aimee-grant-cumberbatch
26th February 2013

High street on the red carpet: what’s the point?

We all saw Helen Hunt and her H&M gown at the the Oscars last night, but is this really what we want to see on the red carpet ?

It’s that time of year again. Rolled out in cities across the world, traipsed by many a red-soled shoe, snapped by the world’s press and, increasingly, a host to high street. Yes, red carpet season is upon us once more and you may or may not have noticed a cheeky flash of high-street leg when scrutinising each star’s effort (let’s not pretend like we don’t all see ourselves as the judge in some sort of fashion court case when awards season rolls around). It’s happening.

Ginnifer Goodwin wearing Topshop. Photo: posh24.com

 

Whether it’s left you reeling in haute-couture horror or high street happy, the growing appearance of non-designer garments at awards ceremonies is a trend and an interesting one. And with the weekend’s announcement that the UK has become the latest economy to lose its AAA status it can only become more so. But is the donning of accessible fashion by not-so accessible figures really a statement about the arctic economic climate? I doubt it. I imagine, sorry for my scepticism, that it’s probably something more like cardio for the column inches. But to be perfectly frank, I’m not sure I want high street on the red carpet. Don’t get me wrong, I’m not being elitist. I love the high street and I’m all for celebrities sporting stuff that a normal personal could afford without selling their soul to the devil (or John Galliano, as he’s more commonly known). And for stamping right out the sadly growing gap between rich and poor (Cheers, Dave). But leave the red carpet out of it.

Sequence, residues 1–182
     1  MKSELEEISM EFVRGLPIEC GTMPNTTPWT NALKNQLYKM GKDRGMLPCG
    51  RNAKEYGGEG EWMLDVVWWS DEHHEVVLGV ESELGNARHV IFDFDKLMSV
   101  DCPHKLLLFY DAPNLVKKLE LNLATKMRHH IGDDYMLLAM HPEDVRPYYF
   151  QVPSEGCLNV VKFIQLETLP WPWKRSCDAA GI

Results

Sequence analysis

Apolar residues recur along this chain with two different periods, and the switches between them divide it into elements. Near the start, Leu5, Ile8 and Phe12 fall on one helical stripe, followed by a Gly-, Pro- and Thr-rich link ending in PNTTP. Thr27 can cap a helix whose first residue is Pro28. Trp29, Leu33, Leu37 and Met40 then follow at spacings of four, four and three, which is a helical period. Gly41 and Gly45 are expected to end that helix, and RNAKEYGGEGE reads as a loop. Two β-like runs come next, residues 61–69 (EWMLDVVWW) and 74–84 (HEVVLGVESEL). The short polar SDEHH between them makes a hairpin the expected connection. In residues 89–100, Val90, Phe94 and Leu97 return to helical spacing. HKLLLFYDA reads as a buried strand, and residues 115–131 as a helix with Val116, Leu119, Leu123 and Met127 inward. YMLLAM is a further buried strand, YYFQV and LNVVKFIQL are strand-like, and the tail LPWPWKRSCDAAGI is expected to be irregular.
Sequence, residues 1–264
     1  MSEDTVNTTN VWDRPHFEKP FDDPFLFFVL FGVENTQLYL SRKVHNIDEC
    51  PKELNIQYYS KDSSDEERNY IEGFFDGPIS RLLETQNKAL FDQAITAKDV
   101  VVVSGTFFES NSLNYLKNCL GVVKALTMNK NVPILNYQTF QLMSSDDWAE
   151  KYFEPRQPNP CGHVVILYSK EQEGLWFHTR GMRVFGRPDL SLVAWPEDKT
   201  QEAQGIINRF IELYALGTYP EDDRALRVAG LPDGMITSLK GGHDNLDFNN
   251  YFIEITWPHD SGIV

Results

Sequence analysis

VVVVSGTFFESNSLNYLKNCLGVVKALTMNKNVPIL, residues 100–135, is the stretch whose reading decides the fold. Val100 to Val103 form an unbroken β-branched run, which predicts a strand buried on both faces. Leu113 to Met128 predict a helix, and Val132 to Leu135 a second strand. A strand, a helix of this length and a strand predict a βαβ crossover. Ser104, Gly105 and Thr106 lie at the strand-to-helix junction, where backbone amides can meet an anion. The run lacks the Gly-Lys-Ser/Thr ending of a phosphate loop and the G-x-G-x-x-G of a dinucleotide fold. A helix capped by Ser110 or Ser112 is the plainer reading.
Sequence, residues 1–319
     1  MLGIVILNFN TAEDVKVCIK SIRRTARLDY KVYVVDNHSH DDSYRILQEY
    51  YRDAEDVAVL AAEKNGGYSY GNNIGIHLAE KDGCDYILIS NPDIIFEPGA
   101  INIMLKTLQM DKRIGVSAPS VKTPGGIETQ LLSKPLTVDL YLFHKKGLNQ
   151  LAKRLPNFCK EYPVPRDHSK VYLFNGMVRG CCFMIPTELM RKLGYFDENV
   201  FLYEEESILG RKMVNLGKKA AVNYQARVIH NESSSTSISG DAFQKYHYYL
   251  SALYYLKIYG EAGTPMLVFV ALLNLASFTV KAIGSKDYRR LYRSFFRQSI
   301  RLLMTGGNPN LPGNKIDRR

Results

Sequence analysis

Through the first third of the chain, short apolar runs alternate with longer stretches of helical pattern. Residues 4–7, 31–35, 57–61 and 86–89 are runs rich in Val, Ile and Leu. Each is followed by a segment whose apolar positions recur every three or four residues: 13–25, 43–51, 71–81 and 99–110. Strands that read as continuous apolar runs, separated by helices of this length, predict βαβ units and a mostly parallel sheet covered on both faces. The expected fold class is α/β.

Rooney Mara wearing ASOS. Photo: stylebyladyg.com

At its heart it’s something based on dreams and aspirations. Would we care half as much if it was a parade of clobber you could get down the Arndale Centre? Probably not. Sad but true, our long-held interest in that iconic scarlet rug is largely lust-based. We love to look at luxury because it’s a vicarious means of experiencing it: we are so enthralled by extravagance because it most likely will never be ours. Put simply, if it wasn’t exclusive, we wouldn’t be interested. And as long as that’s the case I’d rather keep the red carpet plush than pedestrian.

 


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